I did all my playing on a Quest 2 headset through the Oculus Link wireless mode. I had a weird thing where my Hitman profile wouldn’t load if I tried to launch the game from the Oculus app, so if you have the game through the Epic Games Store like me, make sure you launch it from there. Once a headset kicks on you see a prompt to switch to VR mode, and the rest is (relatively) smooth sailing.
Hitman’s unique social stealth mechanics are also a great fit for VR. A faster, more acrobatic stealth game like Dishonored would probably be disastrous in a headset, but Hitman has the advantage of already being a game about slowly walking from place to place, holding down buttons to watch 47 do canned animations. Half of the game is pretending to be a normal guy in a place you don’t belong, a feeling that I can intimately relate to when I’m waving controllers around in an empty room with a goofy box strapped to my head.
Living in 47’s head gave me a new appreciation for how hard his job is. Without a third-person camera keeping me hidden while I observe guard patrols from around a corner, I have to expose my bald head with an actual lean and retreat when I make awkward eye contact with the guy I’m fixing to punch.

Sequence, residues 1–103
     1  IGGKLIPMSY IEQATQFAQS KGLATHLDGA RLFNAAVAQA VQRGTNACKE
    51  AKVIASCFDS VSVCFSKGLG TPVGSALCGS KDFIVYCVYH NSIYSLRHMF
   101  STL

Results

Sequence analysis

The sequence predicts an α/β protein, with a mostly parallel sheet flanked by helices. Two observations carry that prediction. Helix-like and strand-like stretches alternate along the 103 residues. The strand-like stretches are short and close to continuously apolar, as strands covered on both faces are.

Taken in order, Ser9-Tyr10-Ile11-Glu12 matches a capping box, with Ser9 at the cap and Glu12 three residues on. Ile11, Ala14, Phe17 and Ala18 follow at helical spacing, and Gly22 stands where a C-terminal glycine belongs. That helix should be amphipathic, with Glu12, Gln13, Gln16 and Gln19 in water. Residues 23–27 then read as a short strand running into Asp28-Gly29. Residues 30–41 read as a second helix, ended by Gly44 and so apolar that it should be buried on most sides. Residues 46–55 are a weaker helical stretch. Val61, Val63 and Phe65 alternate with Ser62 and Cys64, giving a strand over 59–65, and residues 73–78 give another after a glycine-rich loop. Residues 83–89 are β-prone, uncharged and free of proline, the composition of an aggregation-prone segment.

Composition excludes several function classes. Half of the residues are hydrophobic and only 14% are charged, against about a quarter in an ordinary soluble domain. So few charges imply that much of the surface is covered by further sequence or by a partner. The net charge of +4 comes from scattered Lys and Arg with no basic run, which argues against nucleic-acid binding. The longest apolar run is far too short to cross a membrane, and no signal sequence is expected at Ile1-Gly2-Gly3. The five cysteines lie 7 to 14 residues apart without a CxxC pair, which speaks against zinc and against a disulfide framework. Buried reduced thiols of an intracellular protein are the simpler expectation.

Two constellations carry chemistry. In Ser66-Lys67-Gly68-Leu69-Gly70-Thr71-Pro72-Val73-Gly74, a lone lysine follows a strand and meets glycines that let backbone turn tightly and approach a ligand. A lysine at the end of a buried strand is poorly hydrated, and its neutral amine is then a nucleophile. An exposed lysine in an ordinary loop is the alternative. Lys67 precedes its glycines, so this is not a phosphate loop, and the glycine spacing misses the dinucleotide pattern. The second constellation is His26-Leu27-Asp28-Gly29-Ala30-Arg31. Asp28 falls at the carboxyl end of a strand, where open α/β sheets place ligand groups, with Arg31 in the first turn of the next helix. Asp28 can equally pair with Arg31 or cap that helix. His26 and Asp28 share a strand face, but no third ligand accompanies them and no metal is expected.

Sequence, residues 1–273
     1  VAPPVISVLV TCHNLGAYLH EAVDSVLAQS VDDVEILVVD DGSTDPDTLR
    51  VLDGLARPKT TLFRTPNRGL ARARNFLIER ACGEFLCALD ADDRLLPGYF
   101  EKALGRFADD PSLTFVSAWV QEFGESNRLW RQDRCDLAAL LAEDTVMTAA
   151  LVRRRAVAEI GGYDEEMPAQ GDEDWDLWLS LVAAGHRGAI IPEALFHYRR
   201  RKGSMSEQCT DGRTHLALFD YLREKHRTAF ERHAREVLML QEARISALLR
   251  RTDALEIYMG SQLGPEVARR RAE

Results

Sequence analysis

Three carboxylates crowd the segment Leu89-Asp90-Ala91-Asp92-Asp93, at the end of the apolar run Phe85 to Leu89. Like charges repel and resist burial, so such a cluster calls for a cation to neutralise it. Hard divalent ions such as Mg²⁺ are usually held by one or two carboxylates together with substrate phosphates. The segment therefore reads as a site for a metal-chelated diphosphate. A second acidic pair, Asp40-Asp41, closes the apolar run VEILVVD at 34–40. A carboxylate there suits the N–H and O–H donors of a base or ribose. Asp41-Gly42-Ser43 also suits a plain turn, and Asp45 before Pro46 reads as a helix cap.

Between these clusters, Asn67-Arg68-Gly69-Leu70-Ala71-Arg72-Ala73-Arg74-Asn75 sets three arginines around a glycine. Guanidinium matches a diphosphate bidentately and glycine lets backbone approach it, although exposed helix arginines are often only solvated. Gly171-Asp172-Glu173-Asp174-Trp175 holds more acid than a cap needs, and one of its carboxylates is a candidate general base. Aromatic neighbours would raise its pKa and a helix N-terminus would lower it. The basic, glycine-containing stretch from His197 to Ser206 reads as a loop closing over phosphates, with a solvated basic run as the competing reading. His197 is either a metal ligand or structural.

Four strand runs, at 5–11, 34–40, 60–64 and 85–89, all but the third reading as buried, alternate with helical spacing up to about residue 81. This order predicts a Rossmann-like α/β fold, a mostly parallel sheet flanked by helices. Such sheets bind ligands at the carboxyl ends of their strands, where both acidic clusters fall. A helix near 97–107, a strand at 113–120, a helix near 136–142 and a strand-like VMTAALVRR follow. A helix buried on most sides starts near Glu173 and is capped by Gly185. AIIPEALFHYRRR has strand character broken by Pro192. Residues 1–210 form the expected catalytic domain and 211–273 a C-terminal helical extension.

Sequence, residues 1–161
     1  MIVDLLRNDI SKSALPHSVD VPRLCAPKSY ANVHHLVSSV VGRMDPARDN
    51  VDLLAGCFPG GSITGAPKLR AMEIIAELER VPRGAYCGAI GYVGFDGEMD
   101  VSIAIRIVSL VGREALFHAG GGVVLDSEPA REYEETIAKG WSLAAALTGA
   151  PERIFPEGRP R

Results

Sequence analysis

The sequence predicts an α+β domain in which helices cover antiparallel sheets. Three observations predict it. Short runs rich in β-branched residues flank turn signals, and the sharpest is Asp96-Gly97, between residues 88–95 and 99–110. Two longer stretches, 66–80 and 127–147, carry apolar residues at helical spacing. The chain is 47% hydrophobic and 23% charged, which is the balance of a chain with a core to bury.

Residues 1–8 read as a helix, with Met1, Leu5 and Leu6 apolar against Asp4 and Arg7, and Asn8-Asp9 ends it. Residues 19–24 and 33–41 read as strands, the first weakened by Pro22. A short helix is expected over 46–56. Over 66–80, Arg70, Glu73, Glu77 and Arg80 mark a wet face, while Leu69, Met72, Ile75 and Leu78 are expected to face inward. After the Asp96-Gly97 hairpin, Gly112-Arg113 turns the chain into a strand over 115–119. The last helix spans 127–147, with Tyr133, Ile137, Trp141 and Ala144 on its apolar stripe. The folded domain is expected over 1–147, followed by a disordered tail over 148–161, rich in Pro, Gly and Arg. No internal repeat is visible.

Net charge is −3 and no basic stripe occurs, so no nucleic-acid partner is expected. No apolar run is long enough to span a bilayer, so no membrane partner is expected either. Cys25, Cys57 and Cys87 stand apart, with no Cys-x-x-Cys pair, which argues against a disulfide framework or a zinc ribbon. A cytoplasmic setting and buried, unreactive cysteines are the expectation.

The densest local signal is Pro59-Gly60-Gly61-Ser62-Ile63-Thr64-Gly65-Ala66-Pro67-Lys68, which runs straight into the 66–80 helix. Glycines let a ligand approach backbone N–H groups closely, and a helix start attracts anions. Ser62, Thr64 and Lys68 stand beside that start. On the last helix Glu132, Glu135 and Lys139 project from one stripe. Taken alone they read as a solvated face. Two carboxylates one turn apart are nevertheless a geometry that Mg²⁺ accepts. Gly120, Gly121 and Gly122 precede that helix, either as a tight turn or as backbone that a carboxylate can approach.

It’s important that Hitman VR mostly works in these moments. I have a high tolerance for VR jank—which is sort of required to enjoy some of the coolest VR things out there—so I’m hardly bothered by imperfect graphics, stubborn doors, and wonky controls. I suspect your personal tolerance will be the biggest factor in enjoying Hitman VR or closing it forever the first time you try to pick up a wrench with your left hand and remember you’re only allowed to do that with your right (a major VR sin).
I’d be madder at what Hitman VR gets wrong if this were some hyped-up $40 side game dedicated to VR support, but this ain’t Fallout 4 VR. This is a new mode included in a free update to a trilogy of games that I’ve already put well over 150 hours into. It’s not only a novel way to explore places I’ve only seen from a distance, but a legitimately cool remix of Hitman’s traditional gameplay.
I hope IOI finds a way to increase the level of detail and clean up its most annoying quirks, because Hitman and VR are an excellent mix.